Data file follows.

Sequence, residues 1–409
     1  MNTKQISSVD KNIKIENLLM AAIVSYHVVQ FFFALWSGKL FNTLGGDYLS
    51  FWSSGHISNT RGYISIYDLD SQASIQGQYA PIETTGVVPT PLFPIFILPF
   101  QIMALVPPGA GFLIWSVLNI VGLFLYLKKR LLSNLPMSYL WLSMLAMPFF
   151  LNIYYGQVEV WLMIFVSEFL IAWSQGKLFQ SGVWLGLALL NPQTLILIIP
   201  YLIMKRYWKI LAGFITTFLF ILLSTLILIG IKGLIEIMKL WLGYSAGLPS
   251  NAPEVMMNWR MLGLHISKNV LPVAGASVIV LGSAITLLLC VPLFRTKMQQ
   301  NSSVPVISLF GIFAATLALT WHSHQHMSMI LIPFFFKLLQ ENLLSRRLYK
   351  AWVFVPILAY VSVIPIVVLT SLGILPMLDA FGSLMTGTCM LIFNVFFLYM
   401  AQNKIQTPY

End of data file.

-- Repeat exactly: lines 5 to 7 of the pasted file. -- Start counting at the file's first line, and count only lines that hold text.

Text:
   151  LNIYYGQVEV WLMIFVSEFL IAWSQGKLFQ SGVWLGLALL NPQTLILIIP
   201  YLIMKRYWKI LAGFITTFLF ILLSTLILIG IKGLIEIMKL WLGYSAGLPS
   251  NAPEVMMNWR MLGLHISKNV LPVAGASVIV LGSAITLLLC VPLFRTKMQQ